In 2011, Night Train Swimmers turned their attention to these events of nearly a half-century ago by forming the Farallon Island Swimming Federation (FISF) to organize and sanction such attempts. Crossings from island-to-bridge, bridge-to-island and, (less so) island-to-mainland, require very special attention to frigid waters, tidal currents, and denizens of the deep, unlike English Channel crossings. The Golden Gate Bridge as a goal was proven in 2012 by two 6-person Night Train relay successes (one male and another female). However, their best effort was 8 minutes shy of the 1967 individual record.

To plan for a specific time to arrive at a position to gain a free ride on a maximum flood current into the Bay to the Golden Gate Bridge is a complex tidal current vector problem. Such factors to make use of tidal currents in any open water marathon make up this update in Part III.


After my double English Channel crossing of 1965, a friend in California, Paul Girard, then bureau chief for the Vallejo Times Herald, flattered me in a congratulatory letter, “…bet you can’t do the Farallon swim that has been tried by so many others.” With past successes up to 60 miles, the distance seemed trivial and I replied to Mr. Girard that swimming to the majestic Golden Gate Bridge would be a more challenging goal – three more miles than all past attempts. This statement ended the year of 1965 and became a consuming and ominous vow.

The winter of the following year found me busy researching the particulars of this swim. My enthusiasm waned as I read Mr. Girard’s “…not many people swim in this area because the water is too cold, currents are too strong, and fear of sharks…” Three rather disturbing bits of information became apparent: First, the water temperatures in the Pacific Ocean between the Farallon Islands and San Francisco rarely exceed 55ºF, and can drop below 50ºF, making these waters quite colder than the famed English Channel. Secondly, tidal currents directly oppose progress into San Francisco Bay for about six hours of every 12. English Channel currents are generally parallel to shore forcing swimmers sideways to miss any of nearest shore goals. Finally, I learned that occasional Great White shark sightings occur in these waters and there had been two fatal attacks recently documented.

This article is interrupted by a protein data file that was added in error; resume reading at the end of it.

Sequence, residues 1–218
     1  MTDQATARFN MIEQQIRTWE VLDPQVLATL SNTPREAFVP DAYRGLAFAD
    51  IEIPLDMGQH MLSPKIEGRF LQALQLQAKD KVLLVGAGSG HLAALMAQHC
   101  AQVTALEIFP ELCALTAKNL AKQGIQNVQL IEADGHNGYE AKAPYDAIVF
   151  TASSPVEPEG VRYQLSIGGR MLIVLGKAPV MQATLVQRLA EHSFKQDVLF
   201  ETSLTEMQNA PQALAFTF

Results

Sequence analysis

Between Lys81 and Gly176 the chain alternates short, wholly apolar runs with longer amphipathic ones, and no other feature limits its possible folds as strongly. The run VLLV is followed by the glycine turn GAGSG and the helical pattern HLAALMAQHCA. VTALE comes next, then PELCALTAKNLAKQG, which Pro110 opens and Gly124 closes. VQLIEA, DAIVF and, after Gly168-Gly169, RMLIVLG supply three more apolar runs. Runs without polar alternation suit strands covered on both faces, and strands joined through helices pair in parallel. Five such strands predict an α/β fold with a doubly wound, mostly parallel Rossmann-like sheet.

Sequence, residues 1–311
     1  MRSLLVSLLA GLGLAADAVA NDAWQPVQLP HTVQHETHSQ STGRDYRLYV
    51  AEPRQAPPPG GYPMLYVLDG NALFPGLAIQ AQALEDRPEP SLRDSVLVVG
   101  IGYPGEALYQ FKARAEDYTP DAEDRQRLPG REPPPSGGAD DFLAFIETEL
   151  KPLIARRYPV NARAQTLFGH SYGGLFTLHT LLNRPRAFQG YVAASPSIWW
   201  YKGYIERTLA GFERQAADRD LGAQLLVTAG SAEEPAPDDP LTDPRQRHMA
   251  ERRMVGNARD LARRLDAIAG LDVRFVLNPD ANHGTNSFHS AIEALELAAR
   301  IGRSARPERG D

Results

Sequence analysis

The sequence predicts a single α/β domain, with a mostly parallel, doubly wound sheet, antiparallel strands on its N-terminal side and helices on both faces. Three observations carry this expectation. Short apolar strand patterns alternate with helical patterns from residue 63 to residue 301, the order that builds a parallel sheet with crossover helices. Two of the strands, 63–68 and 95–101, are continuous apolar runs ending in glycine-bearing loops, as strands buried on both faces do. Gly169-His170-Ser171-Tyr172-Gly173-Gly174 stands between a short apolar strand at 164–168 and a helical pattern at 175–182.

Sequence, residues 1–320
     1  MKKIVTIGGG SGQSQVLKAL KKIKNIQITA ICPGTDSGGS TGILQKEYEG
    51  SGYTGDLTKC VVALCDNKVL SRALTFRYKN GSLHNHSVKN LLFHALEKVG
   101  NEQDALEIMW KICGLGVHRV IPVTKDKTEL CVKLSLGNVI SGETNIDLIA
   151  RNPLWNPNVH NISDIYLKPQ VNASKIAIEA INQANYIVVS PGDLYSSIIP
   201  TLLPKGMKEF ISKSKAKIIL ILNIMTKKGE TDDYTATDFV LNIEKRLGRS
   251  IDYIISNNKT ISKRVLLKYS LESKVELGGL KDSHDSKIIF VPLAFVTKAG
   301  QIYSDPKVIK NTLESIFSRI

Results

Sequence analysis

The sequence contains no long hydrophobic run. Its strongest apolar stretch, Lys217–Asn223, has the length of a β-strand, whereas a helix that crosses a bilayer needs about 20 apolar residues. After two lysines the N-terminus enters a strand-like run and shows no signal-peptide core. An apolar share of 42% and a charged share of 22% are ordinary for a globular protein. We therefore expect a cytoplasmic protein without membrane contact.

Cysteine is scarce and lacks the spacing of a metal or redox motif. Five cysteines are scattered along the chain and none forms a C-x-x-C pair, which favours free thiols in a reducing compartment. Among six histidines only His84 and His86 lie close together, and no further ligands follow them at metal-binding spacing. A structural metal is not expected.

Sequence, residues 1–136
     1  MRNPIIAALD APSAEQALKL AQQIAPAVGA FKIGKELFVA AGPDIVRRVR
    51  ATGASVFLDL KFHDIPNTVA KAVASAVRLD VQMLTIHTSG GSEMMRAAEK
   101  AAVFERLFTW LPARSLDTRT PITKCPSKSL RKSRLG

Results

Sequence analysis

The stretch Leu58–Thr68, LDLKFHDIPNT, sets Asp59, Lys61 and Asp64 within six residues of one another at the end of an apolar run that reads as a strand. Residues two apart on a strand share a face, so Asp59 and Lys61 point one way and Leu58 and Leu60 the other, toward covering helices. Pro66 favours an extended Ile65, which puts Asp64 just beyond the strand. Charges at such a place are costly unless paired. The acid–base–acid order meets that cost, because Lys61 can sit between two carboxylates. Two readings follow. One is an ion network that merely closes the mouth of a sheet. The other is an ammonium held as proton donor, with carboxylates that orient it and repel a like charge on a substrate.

Nonetheless, in early April, I began my training with short plunges into the barely thawed waters of Lake Michigan. Added to these ice baths were extensive weight training (high-repeat, low-load) and 13 miles of biking to and from work. Plus, the many hours of rote kicking, pulling, and swimming during the following four months are too boring to describe. The object is to rally, and place on tap, all of one’s bodily resources. The amount of effort required for a marathoner who desires success is simply defined by a guiding paradox: Train each day until exhausted, but not so much that it cannot be repeated, or surpassed, on the next.

With physical conditioning in the final stages, financial requirements began to trouble me. Then, fate intervened. My propellant contract with the Air Force Office of Scientific Research (I was a Senior Chemist at the IIT Research Institute) required a research report at a contractor’s meeting at UC Berkley nearby in mid-August. With travel expenses paid, and by adding some vacation time, a Farallon swim was realizable.

My research report at the Berkeley meeting was not my best, since I had became so preoccupied with the details involved in the swim. After the session on Friday the 13th, 1966 with my work obligations retired, I called Paul Girard about the swim.

Over the weekend we checked the U.S. Coast Guard and Geodetic Survey tidal charts. For maximum hours of daylight to approach the bay on the flood, the lunar cycle required an attempt within three days. Seeking a mother boat at Fisherman’s Wharf, we found fishing Captain Bill Brittain who (subject to weather and fishing party conflicts) consented to escort our party. He dampened my enthusiasm with his vagueness about details for this precarious “fishing” trip. Nonetheless, it was agreed to rendezvous at two o’clock on the morning of August 16 so as to make for the Farallons at an early dawn start. My apprehension grew over the weekend.

The crew included Paul Girard, his wife Nancy, my stepfather
Steven Munatones